There are few things worse than a depressed child – but a depressed child loaded up on meds he doesn't need is one of them.
Two of the biggest problems when it comes to teens and depression is that many are overtreated – while many others are not treated at all.
Both approaches are wrong, and both can lead to lifelong problems and even the saddest ending of all – suicide.
New research shows that it doesn't take much to get a child back on the right track – it just needs to take place early.
A study in the June issue of the Journal of the American Medical Association shows how well teens respond to simple non-drug therapies, such as cognitive behavioral instruction.
In this study, researchers followed teens with a history of depression or symptoms that fell just short of a depression diagnosis. These kids also had at least one parent who had suffered from depression.
Half of the kids were sent to weekly cognitive behavioral instruction sessions for 8 weeks, and monthly sessions for six months. The other half were allowed to seek whatever treatments they wanted.
The kids who went through the 90-minute sessions were less likely to suffer from an episode of depression. In fact, just 21.4 percent of kids in the group sessions experienced depression during a nine-month follow-up, versus 32.7 percent in the control group.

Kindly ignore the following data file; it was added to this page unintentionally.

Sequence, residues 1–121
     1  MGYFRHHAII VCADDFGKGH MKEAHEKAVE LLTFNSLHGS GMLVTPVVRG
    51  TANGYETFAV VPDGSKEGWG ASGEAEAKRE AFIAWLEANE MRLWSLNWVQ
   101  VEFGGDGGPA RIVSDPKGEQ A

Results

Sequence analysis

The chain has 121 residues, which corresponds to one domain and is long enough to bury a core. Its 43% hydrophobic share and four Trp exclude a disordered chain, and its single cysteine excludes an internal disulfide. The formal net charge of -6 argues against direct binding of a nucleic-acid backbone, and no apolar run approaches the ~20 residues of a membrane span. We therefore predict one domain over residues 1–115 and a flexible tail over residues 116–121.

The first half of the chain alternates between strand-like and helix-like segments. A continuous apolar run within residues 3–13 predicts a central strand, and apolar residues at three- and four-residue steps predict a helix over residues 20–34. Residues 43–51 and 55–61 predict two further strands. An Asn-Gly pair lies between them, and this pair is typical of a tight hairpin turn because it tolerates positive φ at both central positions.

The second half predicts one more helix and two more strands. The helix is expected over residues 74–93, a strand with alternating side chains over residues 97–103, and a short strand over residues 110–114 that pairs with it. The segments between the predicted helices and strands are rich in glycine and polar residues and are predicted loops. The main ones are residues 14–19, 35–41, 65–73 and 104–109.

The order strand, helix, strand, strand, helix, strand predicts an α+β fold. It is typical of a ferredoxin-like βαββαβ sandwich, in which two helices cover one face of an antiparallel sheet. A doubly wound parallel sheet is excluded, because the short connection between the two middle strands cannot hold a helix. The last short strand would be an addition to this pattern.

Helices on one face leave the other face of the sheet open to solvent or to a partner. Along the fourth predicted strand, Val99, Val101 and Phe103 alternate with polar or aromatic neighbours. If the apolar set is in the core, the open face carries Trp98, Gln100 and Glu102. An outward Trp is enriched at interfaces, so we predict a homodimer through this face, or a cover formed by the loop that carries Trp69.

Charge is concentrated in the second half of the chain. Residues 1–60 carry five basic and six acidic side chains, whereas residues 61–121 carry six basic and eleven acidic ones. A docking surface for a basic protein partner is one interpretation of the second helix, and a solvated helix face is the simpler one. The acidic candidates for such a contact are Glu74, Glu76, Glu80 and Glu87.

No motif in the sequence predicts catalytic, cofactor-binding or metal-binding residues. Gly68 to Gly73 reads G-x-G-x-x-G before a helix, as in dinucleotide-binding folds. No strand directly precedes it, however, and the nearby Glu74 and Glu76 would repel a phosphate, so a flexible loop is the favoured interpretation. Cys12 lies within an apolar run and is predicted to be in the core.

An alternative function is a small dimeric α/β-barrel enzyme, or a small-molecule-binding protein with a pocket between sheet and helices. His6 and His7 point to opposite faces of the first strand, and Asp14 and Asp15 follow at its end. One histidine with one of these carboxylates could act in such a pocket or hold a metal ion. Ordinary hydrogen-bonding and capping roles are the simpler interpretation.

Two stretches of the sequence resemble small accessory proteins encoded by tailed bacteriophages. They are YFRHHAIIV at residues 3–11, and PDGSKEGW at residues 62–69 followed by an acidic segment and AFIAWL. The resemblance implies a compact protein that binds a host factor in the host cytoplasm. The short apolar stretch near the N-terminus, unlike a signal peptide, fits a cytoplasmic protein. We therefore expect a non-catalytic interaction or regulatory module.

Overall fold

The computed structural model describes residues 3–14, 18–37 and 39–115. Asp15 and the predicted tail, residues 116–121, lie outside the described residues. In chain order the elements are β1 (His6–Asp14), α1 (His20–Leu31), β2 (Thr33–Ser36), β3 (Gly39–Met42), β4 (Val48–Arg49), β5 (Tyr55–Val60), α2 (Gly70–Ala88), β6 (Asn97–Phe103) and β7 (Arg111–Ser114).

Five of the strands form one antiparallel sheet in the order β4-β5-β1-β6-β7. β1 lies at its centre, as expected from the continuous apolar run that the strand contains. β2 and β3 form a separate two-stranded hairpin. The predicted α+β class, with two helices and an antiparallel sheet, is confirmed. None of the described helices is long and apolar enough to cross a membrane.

These group sessions won't help everyone, but even then drugs are not always the answer. The real answer lies in your child's body.
Sometimes, the answer is simple – just not in the place most doctors look. I've found that many depressed patients just need additional tryptophan, vitamin B6 and/or vitamin B12.
The single most important thing to understand is that your child's depression should not go untreated.
Just as you shouldn't rush to put your teenager on expensive prescription drugs, you shouldn't ignore the symptoms and hope they'll just go away, either.
Chances are, they won't.
Remember, depressed teens often go on to become depressed adults. And depressed adults are at risk for a number of problems, including drug and alcohol abuse and suicide.
The good news is, it doesn't have to be that way, especially if you treat it early.